July 22, 2008
I went way out of my way to get to the Dieppe Memorial in Regina. I drove and drove, winding thru a neighborhood. Per the map – and it’s just a dot, with no address, it is on a river. In my mind, I was anticipating this really cool memorial where the soldiers are getting out of their boats and running ashore or something…that they could have done, since it’s near the river. But alas, no. It’s in a neighborhood, next to the Dieppe Grade School. And it is just a cement block with some words, and the flags. What a disappointment. [I suppose they also didn’t want to somehow showcase their “retreat” by having more there.]
I drove around downtown. It is a dumpy downtown…nothing of interest to me. I wanted to see the Legislative Building, but couldn’t see/find it downtown. And it’s not on my map. I asked a local, and she gave me directions and said it is wayyyy across the bridge. I was gearing up for the long haul. Come to find out…it is less than ½ mile away. But there are NO signs…nothing. No signs saying turn here, no signs saying what it is. I saw a building, and thought it is either the Legislative Building or it is an art museum. Later, I found out that Walter Scott [first premier of Saskatchewan] had the building designed to be similar to the Lovre in Paris. So…thinking it was an art museum was not so far off!
I parked and went into the building to look around. You walk in, and there is a kindly older gentlemen sitting there. Just him. No security guard, no security screening device, no nothing…just him sitting there. He said that I can’t just walk around, BUT there is a tour every 30 minutes. I had 20 minutes to wait.
I decided to scam the system and asked him if I could go to their café. Sure. He asked my name, and wrote it down in a log book and gave me a visitor’s badge. That’s it.
Went to the café…annnddddd…I’m back to eating poutine! Poutine = French fries + gravy + cheese curds. Gotta love it!
Went back to take the tour. They give them in French and English. The gentleman told me that there is a couple waiting for each tour, and the guides s/b out any moment. I walked up to one of the men waiting, and said “English?”
He responded “Why, yes I am” with a British accent. He’s probably thinking…how in the world did she know? Ha.
During the tour I became a 14 yr old boy:
In my mind, when I think of Regina, I pronounce the “I” as eee. However, the locals pronounce the “I” as eye. Every time the guide said Regina, I lost concentration to what she was saying and thought back to that Seinfeld episode, where Seinfeld has forgotten the name of his gfriend, but knows that it rhymes with a female body part. I giggled to myself.
They call the native people Aboriginals. Lots of them living in Regina.
Per the guide, most of Saskatchewan is river/lakes and trees. Only the south is prairie and flat.
They have a public library inside. Anyone can come in and use it. Can you imagine the White House having a library that anyone can come in and use?
In the legislative chamber, the gov’t party sits on one side, and the opposition party on the other – facing each other. In the gallery above, people sit so they can see their “side”. Thus, above the gov’t party sits the opposition party’s people.
The Legislative Building sits near the river. There is a trail by the river, and lots of flowers and ducks. It seems that a lot of people use the trail, but no one/vessel was in the water.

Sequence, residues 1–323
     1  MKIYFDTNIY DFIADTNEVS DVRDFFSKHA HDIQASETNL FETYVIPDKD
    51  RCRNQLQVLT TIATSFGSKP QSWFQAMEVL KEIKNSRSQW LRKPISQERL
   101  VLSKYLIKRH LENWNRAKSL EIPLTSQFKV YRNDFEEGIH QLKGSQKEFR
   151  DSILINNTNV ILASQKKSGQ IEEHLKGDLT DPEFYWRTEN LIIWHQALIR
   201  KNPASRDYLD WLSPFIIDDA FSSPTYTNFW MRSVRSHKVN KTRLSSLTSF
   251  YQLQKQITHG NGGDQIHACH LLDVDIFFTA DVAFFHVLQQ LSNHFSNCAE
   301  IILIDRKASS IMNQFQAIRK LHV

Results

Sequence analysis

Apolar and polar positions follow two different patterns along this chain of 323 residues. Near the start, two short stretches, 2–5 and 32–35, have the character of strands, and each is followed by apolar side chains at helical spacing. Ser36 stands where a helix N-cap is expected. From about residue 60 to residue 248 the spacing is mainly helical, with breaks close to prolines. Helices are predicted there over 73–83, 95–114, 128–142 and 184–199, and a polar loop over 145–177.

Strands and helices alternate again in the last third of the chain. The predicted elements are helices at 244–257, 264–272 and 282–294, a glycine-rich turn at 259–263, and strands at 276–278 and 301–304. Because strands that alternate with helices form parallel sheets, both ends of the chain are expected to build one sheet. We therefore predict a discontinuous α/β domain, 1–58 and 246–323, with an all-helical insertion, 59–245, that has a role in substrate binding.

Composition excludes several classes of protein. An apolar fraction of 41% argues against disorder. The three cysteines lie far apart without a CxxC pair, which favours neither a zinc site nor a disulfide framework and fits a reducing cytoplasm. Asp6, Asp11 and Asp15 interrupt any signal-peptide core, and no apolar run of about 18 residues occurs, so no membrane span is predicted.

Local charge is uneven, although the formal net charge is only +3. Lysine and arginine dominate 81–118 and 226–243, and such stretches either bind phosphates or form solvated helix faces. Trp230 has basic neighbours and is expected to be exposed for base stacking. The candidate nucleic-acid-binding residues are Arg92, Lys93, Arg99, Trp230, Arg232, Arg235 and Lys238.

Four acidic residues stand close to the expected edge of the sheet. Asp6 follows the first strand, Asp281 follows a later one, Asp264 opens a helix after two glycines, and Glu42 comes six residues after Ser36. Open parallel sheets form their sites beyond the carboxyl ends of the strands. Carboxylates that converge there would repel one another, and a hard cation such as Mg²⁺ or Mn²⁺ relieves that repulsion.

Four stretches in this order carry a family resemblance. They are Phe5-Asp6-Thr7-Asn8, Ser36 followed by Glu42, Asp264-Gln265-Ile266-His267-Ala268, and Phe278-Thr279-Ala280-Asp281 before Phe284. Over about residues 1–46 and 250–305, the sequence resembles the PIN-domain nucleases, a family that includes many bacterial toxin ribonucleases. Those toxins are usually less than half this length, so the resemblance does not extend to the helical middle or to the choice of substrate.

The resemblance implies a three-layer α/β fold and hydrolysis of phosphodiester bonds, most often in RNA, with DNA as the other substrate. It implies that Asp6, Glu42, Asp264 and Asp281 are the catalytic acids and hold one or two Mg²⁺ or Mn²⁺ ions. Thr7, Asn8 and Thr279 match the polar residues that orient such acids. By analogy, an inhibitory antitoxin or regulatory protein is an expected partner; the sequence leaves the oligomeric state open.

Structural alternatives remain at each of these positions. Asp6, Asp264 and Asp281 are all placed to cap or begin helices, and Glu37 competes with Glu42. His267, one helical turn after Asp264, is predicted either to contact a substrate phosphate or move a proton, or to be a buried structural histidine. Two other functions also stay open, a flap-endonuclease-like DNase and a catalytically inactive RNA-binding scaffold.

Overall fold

After the tour, I took off for the 7.25 hour drive to Calgary.
Little did I know that yesterday was the prettier part of the drive to Calgary. Unsure what the definition of prairie is, but this is probably it. Reminded me of west Texas. Towns were smaller [1 or 2 buildings] and further apart. Most little towns didn’t have a gas station. It was a really boring drive. So boring…that I started listening to my learn to speak French cds, which I rarely put in…cuz I’m looking around me taking things in.
When I looked at the route a few weeks ago, it did look like there was nothing between Winnipeg, Regina and Calgary. But I just assumed that I was an ignorant American and just don’t know better. There isn’t. I would NOT recommend this route to anyone.
There are lots of trains going by – both yesterday and today.
No mile markers.
Before a little town, there are what looks like homemade signs advertising places…and they are ?? probably 3’ high and 5’ long, and close to the ground [not high up].
Remember when a highway went thru a town? Or I should say, the town grew/expanded around the highway. Then in the states they built the interstate and bypassed the towns. You drive on the interstate and think…oh…there’s a town somewhere over there, I wonder what it looks like? That is why I like to drive the old highways and not the interstates…so I can see the towns.
Here [at least the Trans Canadian Highway 1] they still go thru the towns. I like that. There is a sign stating “Important Intersection” and a speed limit change…so you can pull off/on.
It was 95’ at 6 pm with no clouds in the sky today!! This must be some sort of a record.
Immediately once I entered into Alberta, the landscape changed – baby mountains/hills, short grass and sand. But this didn’t last too long, and I was back at boring.
Near Medicine Hat were some really pretty scenery but that came and went…and I was back to flat.
There are oil and gas equipment/facilities [pump jacks] everywhere. There are cows/farmland/pump jacks. And did I mention flat?
About 1 hour from Calgary the baby mountains/lumpy hills/pretty green pasture land started up. Pump jacks still all around.
20 km [12 miles] from Calgary there is zero sign that a city is anywhere nearby – just farmland.